Forest Sangha Newsletter April 1995
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Editorial:
Practice as Process; Ajahn Pasanno
Why go to a monastery; Sister Candasiri
Fantasia: The Nature of Perception; Venerable Sunyato
The Dhamma School
Sutta Class: Immorality, Confession & Forgiveness; Venerable Varado
A Matter of Tradition; Ajahn Sucitto
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Sutta Class:
Immorality, Confession & Forgiveness

Venerable Varado led a series of discussions at Amaravati on the topic of samvara (restraint). The following article is drawn from those talks.

In spite of our best wishes our psychological make-up contains elements not always pleasing to us. Indeed, such elements as guilt, shame and remorse can be unbearable. Unfortunately our reaction to this guilt and remorse can easily lead to further pain; the reason being that our instinct is to hide what is hurting us. This is illustrated in a verse from the Dhammapada:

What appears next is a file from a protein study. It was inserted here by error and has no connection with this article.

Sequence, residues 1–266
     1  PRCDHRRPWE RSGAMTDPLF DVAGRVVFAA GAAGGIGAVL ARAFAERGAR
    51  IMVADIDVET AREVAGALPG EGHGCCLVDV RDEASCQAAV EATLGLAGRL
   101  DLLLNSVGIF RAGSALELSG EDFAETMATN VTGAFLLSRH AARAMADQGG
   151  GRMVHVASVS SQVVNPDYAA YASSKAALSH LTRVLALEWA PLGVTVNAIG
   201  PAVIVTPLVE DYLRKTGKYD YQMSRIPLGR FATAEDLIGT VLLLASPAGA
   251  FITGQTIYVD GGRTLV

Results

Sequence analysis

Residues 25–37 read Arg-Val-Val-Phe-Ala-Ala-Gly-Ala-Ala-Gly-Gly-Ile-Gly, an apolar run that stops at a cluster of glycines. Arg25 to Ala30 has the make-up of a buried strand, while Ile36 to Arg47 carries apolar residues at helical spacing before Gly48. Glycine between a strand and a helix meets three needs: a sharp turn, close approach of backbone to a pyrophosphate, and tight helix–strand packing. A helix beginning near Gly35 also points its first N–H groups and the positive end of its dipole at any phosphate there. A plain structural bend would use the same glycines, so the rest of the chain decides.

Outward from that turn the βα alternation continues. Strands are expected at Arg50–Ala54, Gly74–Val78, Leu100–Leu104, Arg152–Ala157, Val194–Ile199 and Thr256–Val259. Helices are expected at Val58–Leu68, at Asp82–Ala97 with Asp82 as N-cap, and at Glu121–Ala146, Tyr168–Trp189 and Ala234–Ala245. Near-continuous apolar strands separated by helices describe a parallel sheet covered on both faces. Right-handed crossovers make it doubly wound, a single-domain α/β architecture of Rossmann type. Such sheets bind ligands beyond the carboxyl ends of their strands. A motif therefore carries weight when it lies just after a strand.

Easily seen are others faults.
Hard indeed to see ones own.
One winnows abroad others faults like chaff,
But conceals ones own faults like a crafty hunter.
(Dhammapada 252)
The Buddha highly praised the use of confession, and in a poetic simile warns us against concealing of offences:
Channam ativassati
Vivitam nativassati
Tasma channam vivaretna
Evan tam nativassatiti

Rain soaks what is contained
It doesn't soak what is open
Therefore open up what is contained
So rain won't soak it.
(Vin. II 240)

The Vinaya Commentary to this verse points out that if you commit an offence and conceal it, then you will fall into another, fresh offence. If however you disclose it, then you will not fall into the same offence.
     Before the Patimokkha recitation, Theravadin monks must confess offences. If a monk hides an offence, that is regarded as conscious lying. And conscious lying, the Buddha taught, is an obstacle (antarayiko) to meditation: obstructing and preventing its bliss, its calm, and its many fruits and benefits. However, for monks who reveal offences: